I am presently Associate Professor at Harvard Medical School and Director of Bladder Cancer Program at Genitourinary Oncology Program of Beth Israel Deaconess Medical Center. I am the former Director of the Bladder Cancer Center at Dana-Farber Cancer Institute. My clinical expertise focuses on urological diseases, particularly prostate, bladder and kidney cancer. I have extensive experience treating prostate and bladder cancer patients and have been a key investigator in several trials conducted in this patient population.
Since 1996 and within the EORTC, I was the chairman of the Advanced Bladder Cancer Committee, and study Chair and co-chair for 30987 and 30986 studies. To confirm the results of triple therapy with TCG, we designed the 30987 study, the largest study conducted in advanced bladder cancer comparing CG versus TCG (JCO 2012). Looking for second-line options in patients failing platinum, we reported the phase III study of vinflunine versus placebo in 2009 that led to the approval of vinflunine in the European Union (JCO 2009). Based on this study, the role of prognostic factors in second-line treatment was described (JCO 2010). In the area of new therapeutic targets, we reported the study of Sunitinib in front line therapy. In collaboration with Jonathan Rosenberg (DFCI), we analyzed the molecular profile of the Spanish bladder cancer patient series (ASCO2011). Currently and based on the findings of PI3K mutations, we are studying in preclinical models the efficacy of PI3K and TOR1-2 inhibitor drugs in bladder cancer cell lines.
I have been involved in, and led urothelial cancer trials for over 15 years in Europe in the EORTC GU Group. I focused on the development of new systemic treatment for bladder cancers, and the search for prognostic factors and potential therapeutic targets. I developed the MCAVI schedule for unfit patients (Cancer 1992) as the control arm for the EORTC30986 study versus Gemcitabine-Carbo (JCO 2010). Subsequently, I reported the superiority of cisplatin versus carboplatin in the randomized trial of MVAC (methotrexate, vinblastine, adriamycin and cisplatinum) versus MCAVI (methotrexate, carboplatin and vinblastine) (Cancer 1997). To improve the combination of CG (Cisplatin/Gemcitabine), we conducted an investigational phase I/II study with the three drug regimen of paclitaxel, cisplatin and gemcitabine (JCO 2000).
In 2001 we reported the feasibility study of the combination of carboplatin/gemcitabine (EurJCancer) which
was used as the experimental arm to design the randomized study in patients unfit for platinum EORTC 30986 (JCO 2012). Subsequently, the 30987 study was designed; the largest study conducted in advanced bladder cancer comparing CG versus TCG (JCO 2012). Looking for second-line options in patients failing platinum, we reported the phase III study of vinflunine versus placebo in 2009 that led to the approval of vinflunine in the European Union (JCO 2009).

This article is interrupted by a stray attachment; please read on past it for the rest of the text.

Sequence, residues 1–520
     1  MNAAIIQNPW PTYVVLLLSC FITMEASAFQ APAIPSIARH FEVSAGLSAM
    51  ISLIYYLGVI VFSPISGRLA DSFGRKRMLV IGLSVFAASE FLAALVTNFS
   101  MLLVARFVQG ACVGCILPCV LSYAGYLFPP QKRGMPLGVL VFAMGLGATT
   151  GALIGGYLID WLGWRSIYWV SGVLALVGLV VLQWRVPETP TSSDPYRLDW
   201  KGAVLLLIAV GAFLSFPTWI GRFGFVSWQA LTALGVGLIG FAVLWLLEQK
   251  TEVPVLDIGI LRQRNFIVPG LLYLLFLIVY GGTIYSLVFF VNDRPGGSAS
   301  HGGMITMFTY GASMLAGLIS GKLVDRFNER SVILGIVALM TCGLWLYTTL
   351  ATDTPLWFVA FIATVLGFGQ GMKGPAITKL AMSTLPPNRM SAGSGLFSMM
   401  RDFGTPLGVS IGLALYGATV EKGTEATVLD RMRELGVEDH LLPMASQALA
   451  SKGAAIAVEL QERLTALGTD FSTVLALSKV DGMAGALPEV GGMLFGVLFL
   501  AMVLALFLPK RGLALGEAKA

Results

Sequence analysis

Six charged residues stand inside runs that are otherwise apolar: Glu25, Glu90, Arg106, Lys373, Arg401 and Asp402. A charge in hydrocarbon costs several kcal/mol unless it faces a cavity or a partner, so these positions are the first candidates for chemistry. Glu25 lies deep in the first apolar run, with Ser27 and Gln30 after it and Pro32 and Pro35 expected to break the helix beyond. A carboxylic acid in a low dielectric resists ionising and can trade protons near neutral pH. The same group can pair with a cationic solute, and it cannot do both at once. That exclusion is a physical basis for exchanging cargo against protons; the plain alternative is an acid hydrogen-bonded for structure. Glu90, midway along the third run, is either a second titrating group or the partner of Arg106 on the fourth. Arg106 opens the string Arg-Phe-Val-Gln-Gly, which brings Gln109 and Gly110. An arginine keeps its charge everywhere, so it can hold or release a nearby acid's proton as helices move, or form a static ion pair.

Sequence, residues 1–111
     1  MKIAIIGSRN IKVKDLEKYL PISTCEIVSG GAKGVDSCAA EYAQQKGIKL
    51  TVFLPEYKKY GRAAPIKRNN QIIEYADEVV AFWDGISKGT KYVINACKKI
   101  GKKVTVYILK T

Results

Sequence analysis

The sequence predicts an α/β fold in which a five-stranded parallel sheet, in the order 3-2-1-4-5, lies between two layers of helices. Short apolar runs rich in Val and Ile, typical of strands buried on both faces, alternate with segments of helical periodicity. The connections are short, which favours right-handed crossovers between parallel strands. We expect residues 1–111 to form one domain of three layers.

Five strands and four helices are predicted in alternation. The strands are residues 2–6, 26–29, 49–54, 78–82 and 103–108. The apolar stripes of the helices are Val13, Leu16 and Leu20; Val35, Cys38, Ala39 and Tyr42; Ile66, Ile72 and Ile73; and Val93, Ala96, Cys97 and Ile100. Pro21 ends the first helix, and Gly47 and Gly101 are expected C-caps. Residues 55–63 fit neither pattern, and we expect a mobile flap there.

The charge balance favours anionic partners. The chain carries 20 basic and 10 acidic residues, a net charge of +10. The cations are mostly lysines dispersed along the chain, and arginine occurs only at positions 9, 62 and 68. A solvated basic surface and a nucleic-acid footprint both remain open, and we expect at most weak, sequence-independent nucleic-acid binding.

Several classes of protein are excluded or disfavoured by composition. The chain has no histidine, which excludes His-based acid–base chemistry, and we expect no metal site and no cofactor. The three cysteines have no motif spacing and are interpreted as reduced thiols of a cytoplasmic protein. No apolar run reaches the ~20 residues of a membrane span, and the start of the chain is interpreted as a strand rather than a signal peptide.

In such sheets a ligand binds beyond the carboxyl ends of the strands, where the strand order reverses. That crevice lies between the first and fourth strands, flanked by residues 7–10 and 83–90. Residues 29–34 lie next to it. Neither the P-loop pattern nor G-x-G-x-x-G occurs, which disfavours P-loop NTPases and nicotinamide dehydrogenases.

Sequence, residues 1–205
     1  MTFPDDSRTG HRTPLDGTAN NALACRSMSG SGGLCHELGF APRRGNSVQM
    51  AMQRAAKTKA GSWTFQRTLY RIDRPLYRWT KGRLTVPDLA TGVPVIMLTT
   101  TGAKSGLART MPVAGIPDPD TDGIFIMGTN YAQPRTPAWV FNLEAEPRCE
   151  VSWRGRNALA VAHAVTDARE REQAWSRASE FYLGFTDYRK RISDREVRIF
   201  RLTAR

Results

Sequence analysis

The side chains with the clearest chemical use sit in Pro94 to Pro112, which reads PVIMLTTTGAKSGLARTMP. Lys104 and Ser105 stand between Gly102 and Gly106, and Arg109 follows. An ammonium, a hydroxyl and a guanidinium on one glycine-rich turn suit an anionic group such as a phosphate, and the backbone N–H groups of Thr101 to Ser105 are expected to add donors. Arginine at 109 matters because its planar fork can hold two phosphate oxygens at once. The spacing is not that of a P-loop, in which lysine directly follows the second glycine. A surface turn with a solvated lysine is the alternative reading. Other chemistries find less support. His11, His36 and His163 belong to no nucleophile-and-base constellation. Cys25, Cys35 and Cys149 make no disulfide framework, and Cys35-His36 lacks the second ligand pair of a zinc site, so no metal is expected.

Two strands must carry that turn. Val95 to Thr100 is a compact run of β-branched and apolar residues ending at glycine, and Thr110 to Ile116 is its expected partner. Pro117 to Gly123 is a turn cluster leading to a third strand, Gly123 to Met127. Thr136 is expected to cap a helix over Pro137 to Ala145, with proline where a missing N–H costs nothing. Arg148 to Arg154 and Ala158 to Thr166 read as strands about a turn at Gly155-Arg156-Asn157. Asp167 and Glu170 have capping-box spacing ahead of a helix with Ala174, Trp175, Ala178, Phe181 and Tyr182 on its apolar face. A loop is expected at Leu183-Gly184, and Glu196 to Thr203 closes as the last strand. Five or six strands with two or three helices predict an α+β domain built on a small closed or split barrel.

I have been involved in the development of immunotherapy in bladder cancer since its inception. I participated on the two phase I trials with atezolizumab (Nature. 2014 and with pembrolizumab (Lancet Oncol. 2017) and the phase II atezolizumab (Lancet 2016) that lead to the FDA approval and that I also co-authored. Along the same line, I have contributed to the development of these agents in unfit bladder cancer patients (Lancet 2017). One of my most important contributions in bladder cancer has been to be the Chair and lead investigator of the phase III randomized study of immunotherapy (pembrolizumab) versus chemotherapy. This is a landmark trial showing survival superiority for immunotherapy versus chemotherapy. The results were published in the NEJM (Bellmunt J, N Engl J Med. 2017). I am also the PI of the study Imvigor 010 (adjuvant atezolizumab in bladder cancer). Results will be presented at ASCO 2020.
Treatment of non-muscle invasive bladder cancer (NMIBC) has changed little in 20 years. Despite initial therapy with induction Bacillus Calmette-Guerin (BCG), High-risk NMIBC (HR-NMIBC) is highly prone to recurrence (40%), and some patients will experience progression to muscle-invasive disease or metastatic disease (21%). Less than half of patients who have persistent or recurrent NMIBC after a single induction course of BCG will respond to a second induction course of BCG. However, regardless of response to re-induction, patients still remain at risk for subsequent relapse. At this point, the most established therapy is radical cystectomy, which entails substantial morbidity and mortality. Identification of new clinically relevant therapeutic targets and predictive biomarkers is critical to improve outcomes for this disease.
There are a growing number of combination trials with PARP inhibitor plus PD-1/PD-L1 antibody therapy in different diseases, including urothelial cancer, in muscle-invasive and advanced urothelial cancer. NMIBC is an area where immune checkpoint inhibitors (ICIs) are promising (KN-057 trial presented at ASCO GU 2018, resulting in FDA approval for pembrolizumab for BCG-unresponsive NMIBC) and where PARP inhibitors deserve exploration. Research at our Lab is showing that pathologic DNA repair alterations are present at high frequency, as high as 60%, supporting that combination trials with PARP inhibitor plus PD-1/PD-L1 antibody therapy deserve further exploration. Our hypothesis is that increased DNA damage by olaparib will complement anti-tumor activity of immune checkpoint blocking antibody (ICI) durvalumab, among NMIBC patients. The goal of our proposed research is to demonstrate a superiority in event-free survival (EFS) rate with durvalumab and olaparib versus BCG as maintenance.